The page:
Thanks to a Good Samaritan and other quick-thinking nearby neighbors, residents of a Menifee senior condominium complex were alerted and brought to safety
Christina Holland, who doesn't live in the neighborhood, was at a bank across the street when she heard an explosion, followed by flames engulfing one of the condos in the 28200 block of Winged Foot Drive, she told Patch.
"I immediately called 911 and ran across the street to see if I could help people get out," Holland said. "I was the first one on the scene and after the explosions, you could hear the windows burst out and flames could be seen from the bank.
"I began knocking on doors and screaming, 'Fire, fire, get out!' No one was on the scene yet and a couple of other neighbors helped me knock on doors to alert people...I just prayed everyone would get out alive. It was terrible."
Later, fire sirens roared as neighbors ran down the street to check on friends and animals in the condos. While the fire was contained within the hour, three condos burnt to the ground. One resident lost her home, truck and two cats in the blaze.
Suzie Murray said she arrived home after being out for dinner to find her complex on fire and the street blocked off.
"I thought it was my house on fire and I was so worried about my little dog. The four units directly across from me were on fire and my neighbor was outside with a sheet wrapped around but at least she was safe," Murray said.
Shella Care, a home for disabled people at which Murray works, expressed a desire to help her and the other fire victims, she told Patch.
An additional four residences sustained exposure damage in the two-alarm fire that was called in at about 8:30 p.m. and contained by 9:07 p.m., according to Cal Fire/Riverside County Fire Department Spokesperson Melody Hendrickson.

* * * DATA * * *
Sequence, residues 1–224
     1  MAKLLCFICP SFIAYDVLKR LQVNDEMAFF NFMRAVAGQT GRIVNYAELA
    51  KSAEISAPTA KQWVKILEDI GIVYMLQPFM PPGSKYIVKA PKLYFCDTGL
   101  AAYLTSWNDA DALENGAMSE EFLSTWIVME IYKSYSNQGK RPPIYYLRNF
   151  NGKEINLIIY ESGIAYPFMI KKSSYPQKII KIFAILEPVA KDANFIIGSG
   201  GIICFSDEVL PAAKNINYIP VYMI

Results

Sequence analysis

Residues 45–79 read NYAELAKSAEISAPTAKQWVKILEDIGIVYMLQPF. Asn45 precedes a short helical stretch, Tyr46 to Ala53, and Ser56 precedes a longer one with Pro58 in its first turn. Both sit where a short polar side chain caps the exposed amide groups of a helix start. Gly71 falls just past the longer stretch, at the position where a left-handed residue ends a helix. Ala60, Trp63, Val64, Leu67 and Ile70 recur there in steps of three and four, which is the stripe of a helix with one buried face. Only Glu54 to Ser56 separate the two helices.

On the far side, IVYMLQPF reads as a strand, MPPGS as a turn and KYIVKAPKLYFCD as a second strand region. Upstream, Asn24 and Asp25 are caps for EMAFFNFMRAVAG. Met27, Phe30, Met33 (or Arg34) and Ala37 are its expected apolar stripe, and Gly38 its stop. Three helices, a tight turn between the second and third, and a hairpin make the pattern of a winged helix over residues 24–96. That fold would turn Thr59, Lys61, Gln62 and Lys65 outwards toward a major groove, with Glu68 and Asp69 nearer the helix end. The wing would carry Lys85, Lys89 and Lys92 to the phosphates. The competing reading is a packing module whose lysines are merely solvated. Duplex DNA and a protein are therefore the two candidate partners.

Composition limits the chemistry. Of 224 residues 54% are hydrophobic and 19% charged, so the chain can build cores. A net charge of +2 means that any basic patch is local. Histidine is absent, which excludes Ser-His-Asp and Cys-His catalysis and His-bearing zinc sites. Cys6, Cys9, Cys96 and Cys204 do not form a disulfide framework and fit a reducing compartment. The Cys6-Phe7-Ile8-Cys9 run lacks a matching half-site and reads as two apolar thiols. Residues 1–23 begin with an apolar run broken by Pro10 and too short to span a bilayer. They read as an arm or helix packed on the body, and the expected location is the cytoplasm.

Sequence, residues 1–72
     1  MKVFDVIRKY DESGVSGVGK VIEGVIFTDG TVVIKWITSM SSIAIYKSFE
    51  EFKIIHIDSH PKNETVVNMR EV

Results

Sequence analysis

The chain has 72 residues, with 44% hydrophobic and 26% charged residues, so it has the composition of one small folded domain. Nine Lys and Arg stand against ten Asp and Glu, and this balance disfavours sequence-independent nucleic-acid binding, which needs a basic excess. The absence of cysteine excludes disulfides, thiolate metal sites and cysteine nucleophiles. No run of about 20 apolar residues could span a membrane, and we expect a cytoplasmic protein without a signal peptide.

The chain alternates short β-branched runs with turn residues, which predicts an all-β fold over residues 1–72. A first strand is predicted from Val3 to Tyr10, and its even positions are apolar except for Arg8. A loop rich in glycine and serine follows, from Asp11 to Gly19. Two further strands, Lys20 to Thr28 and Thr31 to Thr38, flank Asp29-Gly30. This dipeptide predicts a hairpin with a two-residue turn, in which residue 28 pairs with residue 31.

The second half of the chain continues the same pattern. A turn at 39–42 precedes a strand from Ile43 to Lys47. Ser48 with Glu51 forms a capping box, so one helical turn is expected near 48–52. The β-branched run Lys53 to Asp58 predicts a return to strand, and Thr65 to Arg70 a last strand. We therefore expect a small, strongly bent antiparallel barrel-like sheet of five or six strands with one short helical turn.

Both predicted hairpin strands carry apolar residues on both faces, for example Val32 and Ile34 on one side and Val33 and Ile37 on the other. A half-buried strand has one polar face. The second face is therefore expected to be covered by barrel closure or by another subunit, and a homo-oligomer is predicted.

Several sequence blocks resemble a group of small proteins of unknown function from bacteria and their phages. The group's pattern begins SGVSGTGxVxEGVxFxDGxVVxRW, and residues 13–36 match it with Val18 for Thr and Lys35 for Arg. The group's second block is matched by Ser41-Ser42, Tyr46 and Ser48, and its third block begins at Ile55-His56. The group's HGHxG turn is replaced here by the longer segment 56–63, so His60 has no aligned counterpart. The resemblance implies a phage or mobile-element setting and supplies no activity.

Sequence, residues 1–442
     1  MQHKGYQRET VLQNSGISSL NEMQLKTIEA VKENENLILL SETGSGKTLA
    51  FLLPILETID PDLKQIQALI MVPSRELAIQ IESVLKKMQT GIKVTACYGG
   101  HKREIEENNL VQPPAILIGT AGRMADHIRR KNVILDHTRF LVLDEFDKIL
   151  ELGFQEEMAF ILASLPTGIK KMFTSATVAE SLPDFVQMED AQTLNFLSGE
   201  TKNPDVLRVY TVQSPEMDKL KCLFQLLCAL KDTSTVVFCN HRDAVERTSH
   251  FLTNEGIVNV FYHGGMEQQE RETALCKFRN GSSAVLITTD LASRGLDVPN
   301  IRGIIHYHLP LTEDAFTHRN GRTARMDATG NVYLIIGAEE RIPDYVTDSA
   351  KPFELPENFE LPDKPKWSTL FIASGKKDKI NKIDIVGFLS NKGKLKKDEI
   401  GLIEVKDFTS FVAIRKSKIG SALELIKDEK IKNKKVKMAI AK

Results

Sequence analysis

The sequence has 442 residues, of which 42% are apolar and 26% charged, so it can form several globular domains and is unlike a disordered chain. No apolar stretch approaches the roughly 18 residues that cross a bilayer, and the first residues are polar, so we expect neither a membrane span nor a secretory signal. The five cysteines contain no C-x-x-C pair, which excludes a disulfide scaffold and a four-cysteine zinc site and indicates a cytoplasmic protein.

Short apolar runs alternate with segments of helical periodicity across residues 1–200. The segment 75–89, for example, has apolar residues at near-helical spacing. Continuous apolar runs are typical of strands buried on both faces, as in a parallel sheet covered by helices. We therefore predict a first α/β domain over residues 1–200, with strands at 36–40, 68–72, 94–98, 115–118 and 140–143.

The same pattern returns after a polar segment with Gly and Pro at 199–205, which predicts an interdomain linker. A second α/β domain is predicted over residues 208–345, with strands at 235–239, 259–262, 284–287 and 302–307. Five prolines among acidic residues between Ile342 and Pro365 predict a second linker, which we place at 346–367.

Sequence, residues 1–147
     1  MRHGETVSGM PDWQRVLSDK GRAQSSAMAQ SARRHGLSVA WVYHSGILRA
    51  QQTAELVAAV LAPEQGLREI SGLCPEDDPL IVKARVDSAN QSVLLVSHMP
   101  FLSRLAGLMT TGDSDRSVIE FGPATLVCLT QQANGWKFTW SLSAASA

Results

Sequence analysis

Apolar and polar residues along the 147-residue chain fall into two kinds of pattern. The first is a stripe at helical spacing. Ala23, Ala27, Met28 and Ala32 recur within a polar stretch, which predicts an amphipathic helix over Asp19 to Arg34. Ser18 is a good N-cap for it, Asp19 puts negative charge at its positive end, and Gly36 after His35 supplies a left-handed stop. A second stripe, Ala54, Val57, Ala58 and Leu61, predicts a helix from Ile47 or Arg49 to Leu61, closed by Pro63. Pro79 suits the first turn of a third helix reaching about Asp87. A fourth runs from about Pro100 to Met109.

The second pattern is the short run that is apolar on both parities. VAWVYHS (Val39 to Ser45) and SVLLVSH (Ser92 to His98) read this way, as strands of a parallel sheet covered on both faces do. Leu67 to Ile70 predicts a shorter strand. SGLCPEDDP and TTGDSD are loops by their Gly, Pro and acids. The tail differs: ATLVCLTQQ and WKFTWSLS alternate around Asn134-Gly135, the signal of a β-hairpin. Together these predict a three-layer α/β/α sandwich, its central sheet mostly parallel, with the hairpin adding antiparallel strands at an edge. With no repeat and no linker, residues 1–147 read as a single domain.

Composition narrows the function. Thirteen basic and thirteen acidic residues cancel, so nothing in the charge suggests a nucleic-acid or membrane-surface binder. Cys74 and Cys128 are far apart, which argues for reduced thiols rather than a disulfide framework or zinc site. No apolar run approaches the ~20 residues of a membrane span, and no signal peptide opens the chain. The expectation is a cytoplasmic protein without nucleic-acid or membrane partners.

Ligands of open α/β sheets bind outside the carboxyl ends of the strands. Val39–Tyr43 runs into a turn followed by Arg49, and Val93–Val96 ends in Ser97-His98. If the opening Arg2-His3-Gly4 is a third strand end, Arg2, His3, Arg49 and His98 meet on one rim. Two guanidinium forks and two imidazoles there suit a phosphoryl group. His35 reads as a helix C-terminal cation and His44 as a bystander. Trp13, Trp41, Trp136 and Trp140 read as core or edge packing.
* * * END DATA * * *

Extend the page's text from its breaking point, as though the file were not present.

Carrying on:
She explained that a two-alarm fire is a situation that requires a dispatching of double the fire and emergency vehicles and firefighters to respond.
"We are contracted with neighboring communities in Riverside County to respond," Hendrickson said.
Neighboring crews from Murrieta and Temecula fire departments were among those who arrived to offer assistance.
"Two vehicles were destroyed, two were damaged and two were saved. Six residents were displaced—one adult male and one adult female were assisted by American Red Cross. The remaining four denied assistance," Hendrickson wrote in a report.
The fire resulted in an estimated $750,000 in property loss, Hendrickson reported. Approximately $600,000 in property was saved.
The cause of the fire remained under investigation Tuesday.
Matters such as this could take one day or up to several years to determine, Hendrickson said, assuring the public would be updated when a cause was identified.
After the fire was contained, smoke continued to barrel into the sky creating an unsafe breathing environment. Sheriff deputies dispersed concerned neighbors and onlookers to return to their homes and close them up to keep from getting further smoke inhalation.
Road closures remained in effect well after midnight.
Current landlords and tenants were told by officials from Harbro, a company contracted to secure the fire scene, that it could take up to six months or more to rebuild—longer if asbestos was found in the ruins and it was then turned over to hazardous waste for removal.
The Menifee senior community is part of more than 4,000 homes built by Del Webb in 1964 in a popular section known as the Core. The fire occurred directly across the street from the main Core offices and facilities including a golf course.
No one was injured in the blaze, Hendrickson reported.